10 Sep

This Flu Season, Steer Clear of Nasal Sprays

sick-at-workWhen the summer season gives way to fall and winter, the flu season start to simultaneously rear its ugly head. Though the flu is merely an uncomfortable inconvenience for most people, it can actually prove fatal to young children, the elderly, and those with weakened immune systems. The Centers for Disease Control and Prevention (CDC) recommends that all able Americans receive a flu shot each fall to minimize the potential for an outbreak.

In past years, the shot was also available in a nasal spray that was easier and less traumatic for young children. Rather than containing an inactivated virus to teach the immune system to fight off the flu, the nasal spray was made with live attenuated virusmeaning it was viable but harmlessand puffed up the nose.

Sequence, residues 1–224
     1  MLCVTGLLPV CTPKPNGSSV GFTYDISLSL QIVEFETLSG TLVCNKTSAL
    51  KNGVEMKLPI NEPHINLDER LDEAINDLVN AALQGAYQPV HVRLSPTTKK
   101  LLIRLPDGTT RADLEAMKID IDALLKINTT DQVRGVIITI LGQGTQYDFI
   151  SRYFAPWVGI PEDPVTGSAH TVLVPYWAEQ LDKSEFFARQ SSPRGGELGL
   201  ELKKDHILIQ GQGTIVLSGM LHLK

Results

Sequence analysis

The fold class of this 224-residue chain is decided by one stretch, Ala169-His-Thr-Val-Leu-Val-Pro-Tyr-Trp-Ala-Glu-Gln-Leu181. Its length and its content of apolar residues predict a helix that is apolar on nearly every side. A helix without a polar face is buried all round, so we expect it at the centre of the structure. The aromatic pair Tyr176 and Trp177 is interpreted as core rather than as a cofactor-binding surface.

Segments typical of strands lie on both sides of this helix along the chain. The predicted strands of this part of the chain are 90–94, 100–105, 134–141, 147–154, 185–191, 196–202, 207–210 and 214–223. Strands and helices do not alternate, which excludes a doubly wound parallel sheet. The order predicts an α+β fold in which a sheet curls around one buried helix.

The problem is, research of children ages two through 17 who received the nasal spray over the past three flu seasons were 2 1/2 times more likely to get sick with the flu than children who were given the shot. The numbers prove an undeniable lesson that the nasal spray vaccine simply isn’t as effective as doctors and parents had hoped. Now children and adults alike will have no choice but to endure the flu shot itself, and the CDC recommends that all children over the age of six months receive it this year.

It’s commonly misunderstood that the flu shot can cause the flu, but that’s not true at all. Since vaccine makers clip the chemical codes out of the virus that would have caused sickness, the flu vaccine simply helps the body’s immune cells understand what the flu virus looks like and prepare to fight the real thing if it ever invades. Considering that half of the 85 children who died from the flu last year had no other illnesses at the time, it is critical that all children receive the shot to protect themselves and prevent the flu from spreading those around them.